Many cities worldwide are earning high marks for their smarts nowadays, whether for acting to add redundant infrastructure or for creating digital overlays that better integrate sustainable upgrades to water, waste, transportation, and energy systems.
Of course, even the most innovative municipalities still have far to go, but for now, all of us can take solace in knowing that the ‘smart city’ movement globally is finally moving inland off the beachhead, from concept to reality. In the U.S., more governments, businesses, and residents now at least understand the idea, and many are embracing it, regardless of whether their motivation for doing so is economic or environmental. In other words, it’s a ‘smart’ play.
Some 30 miles northwest of Washington DC, the bedroom community of Ashburn VA (pop. 43,000) learned last month that a long-discussed plan for the Gramercy District, a $500-million, 2.5-million-sq-ft, ‘smart city’ now has enough critical mass to break ground next spring in Loudoun County. On Aug. 9, Chantilly VA-based venture builder 22 Capital Partners announced the formation of 22 CityLink, a collaborative network charged with creating a Smart City In-a-Box technology platform.
Toward that end, 22 CityLink “is focused on building key partnerships in technology, academia, local, state, and federal government agencies to help develop new governance models and integrated technology real estate development approaches required for next generation urbanization projects,” explained Minh Le, 22 Capital Partners’ managing partner, and a former managing director with Accenture. “We believe that modern technology is going to be a major force in urbanization projects and can improve the overall quality of life for the citizen.”
Aiming to revolutionize real estate development “holistically”, 22 CityLink proclaims on its website that it is now in the process of assembling “a world class team of engineers, architects, technologists, and serial entrepreneurs… to create a platform to build smart cities.”
Earlier this week, that team — which already includes giants Microsoft and AECOM — added Avaya as a “foundation technology partner” for its Smart City In-a-Box platform. Last month, 22 Capital Partners also announced a new partnership with the Center for Innovative Technology and George Washington University. The university already is working with the D.C. government’s Office of the Chief Technology Officer on the Pennsylvania Avenue 2040 Environmental Sensing Project in Washington DC, and is part of the MetroLab Network, a national smart cities initiative for municipalities and research institutions.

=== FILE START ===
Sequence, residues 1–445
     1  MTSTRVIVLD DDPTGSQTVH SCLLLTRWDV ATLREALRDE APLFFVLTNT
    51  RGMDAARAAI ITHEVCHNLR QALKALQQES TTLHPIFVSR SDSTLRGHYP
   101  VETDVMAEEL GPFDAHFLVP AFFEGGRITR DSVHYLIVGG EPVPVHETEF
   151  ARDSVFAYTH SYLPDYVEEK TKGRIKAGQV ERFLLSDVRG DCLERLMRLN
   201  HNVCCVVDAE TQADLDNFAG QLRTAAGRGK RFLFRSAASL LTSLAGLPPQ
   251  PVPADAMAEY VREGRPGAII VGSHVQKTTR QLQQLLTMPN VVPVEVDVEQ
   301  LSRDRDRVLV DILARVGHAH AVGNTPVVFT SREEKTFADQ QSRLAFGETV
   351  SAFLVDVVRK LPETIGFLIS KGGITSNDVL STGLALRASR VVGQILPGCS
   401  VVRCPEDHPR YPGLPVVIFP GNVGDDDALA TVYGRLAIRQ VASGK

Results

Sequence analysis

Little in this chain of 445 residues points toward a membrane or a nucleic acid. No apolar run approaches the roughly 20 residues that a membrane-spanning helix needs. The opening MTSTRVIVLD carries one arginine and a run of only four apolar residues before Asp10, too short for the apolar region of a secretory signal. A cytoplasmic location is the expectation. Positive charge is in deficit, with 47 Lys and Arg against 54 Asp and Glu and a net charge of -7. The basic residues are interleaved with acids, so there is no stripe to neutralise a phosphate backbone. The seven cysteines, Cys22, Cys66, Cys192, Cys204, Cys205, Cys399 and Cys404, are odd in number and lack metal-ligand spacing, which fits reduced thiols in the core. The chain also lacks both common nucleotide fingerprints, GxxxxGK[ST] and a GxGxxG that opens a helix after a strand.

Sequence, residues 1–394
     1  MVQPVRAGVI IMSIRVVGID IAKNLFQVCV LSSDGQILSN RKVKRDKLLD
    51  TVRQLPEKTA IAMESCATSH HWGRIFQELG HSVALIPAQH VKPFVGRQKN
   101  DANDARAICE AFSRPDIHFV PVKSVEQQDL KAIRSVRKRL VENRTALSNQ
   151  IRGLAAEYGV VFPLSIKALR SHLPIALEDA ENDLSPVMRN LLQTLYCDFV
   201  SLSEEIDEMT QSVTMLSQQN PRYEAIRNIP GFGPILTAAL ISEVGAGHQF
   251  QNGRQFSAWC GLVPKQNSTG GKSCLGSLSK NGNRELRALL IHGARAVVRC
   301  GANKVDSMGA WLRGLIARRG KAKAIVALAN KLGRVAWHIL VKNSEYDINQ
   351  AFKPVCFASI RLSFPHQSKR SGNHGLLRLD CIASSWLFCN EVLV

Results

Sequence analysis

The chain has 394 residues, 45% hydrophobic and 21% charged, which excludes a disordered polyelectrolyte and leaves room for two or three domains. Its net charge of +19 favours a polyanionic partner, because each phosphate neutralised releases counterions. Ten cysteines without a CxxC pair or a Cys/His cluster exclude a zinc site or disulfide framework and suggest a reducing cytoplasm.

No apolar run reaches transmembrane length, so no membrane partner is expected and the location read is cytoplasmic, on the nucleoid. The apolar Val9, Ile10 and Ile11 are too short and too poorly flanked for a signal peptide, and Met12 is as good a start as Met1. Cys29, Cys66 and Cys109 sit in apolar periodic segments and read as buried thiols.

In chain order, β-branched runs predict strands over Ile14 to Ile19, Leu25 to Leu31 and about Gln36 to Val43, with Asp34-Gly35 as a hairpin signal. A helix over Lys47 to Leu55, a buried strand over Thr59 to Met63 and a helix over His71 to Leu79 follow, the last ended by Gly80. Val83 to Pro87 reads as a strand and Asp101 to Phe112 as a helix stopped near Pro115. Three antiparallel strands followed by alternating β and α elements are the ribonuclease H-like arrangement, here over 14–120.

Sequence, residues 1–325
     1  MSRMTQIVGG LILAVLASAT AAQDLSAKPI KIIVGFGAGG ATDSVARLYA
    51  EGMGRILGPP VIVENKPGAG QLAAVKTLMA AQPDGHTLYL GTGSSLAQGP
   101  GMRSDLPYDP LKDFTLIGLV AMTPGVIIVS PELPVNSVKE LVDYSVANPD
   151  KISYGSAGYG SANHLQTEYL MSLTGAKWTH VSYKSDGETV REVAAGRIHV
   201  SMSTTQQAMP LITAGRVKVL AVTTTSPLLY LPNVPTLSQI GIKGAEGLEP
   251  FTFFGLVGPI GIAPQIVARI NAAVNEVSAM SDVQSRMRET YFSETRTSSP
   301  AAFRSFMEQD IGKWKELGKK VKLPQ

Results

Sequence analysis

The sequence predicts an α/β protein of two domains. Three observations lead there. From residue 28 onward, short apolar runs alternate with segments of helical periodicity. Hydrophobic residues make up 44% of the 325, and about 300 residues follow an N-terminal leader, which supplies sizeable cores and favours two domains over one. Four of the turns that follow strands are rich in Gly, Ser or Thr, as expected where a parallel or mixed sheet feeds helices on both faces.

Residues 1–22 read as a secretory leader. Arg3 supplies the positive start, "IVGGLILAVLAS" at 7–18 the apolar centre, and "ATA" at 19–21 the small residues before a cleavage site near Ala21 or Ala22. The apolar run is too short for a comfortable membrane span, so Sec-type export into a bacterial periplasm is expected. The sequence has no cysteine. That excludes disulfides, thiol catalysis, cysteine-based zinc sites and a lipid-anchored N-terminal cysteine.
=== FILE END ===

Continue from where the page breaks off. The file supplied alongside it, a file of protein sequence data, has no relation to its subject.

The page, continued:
Specifically, plans for the Gramercy District Smart City call for a 350,000-sq-ft office building, 900 residential units, an 85,000-sq-ft hotel, 34,000 sq-ft of retail, a business center, parking facilities, outdoor plazas and public spaces. Phase 1A will include 268 luxury apartments, 25,800 sq ft of retail space and a “technology accelerator with full inter-connectivity to smart applications,” says 22 CityLink.
DVA Architects & Interiors, Gaithersburg MD, is the project designer, and a joint venture of AECOM subsidiary Tishman Construction, NYC, and TRINITY Group Construction, Herndon VA, is the contractor. “The project highlights the transformative role that cutting-edge technology is playing in today’s buildings,” said Dan McQuade, group president of AECOM Construction Services. “We are thrilled to be at the forefront of constructing a new wave of smart cities.”
intelligent, sentient, interconnected
Many details remain sketchy, but Le told reporters that Gramercy’s intelligent framework likely will align with or incorporate aspects of the Microsoft CityNext program, a broad, international platform launched in 2013 that now deploys cloud technology, mobile devices, data analytics and social networks for functions connecting energy, water, infrastructure, transportation, public safety, education, health, social services and government agencies.
“We believe that technology is going to be a major force and driver in the way people live, the way people learn, the way people socialize,” Le noted. No stranger to digital technologies, his tenure at Accenture included work with the Internet of Things (IoT), analytics and cloud-based solutions. He later focused on predictive data and ‘big data’ management before pivoting toward real estate.
Not everyone sees the connection. So, making it plain is now a big part of Le’s new mission. Here’s how the 22 CityLink website spells that out:
- Bridging the gap between technology and real estate has always been a challenge, but by controlling the whole development process, a holistic approach can be taken across the project that will enable universal access to infrastructure, device end-points and information. The consumer engagement platform houses applications where cognitive computing and predictive analytics services can deliver value-added experiences. By integrating connected health, intelligent buildings, smart retail, and improved safety into one experience, it will be possible to create a system that is both efficient, convenient and personalized for each consumer, with improved operational performance for business, retail and public safety.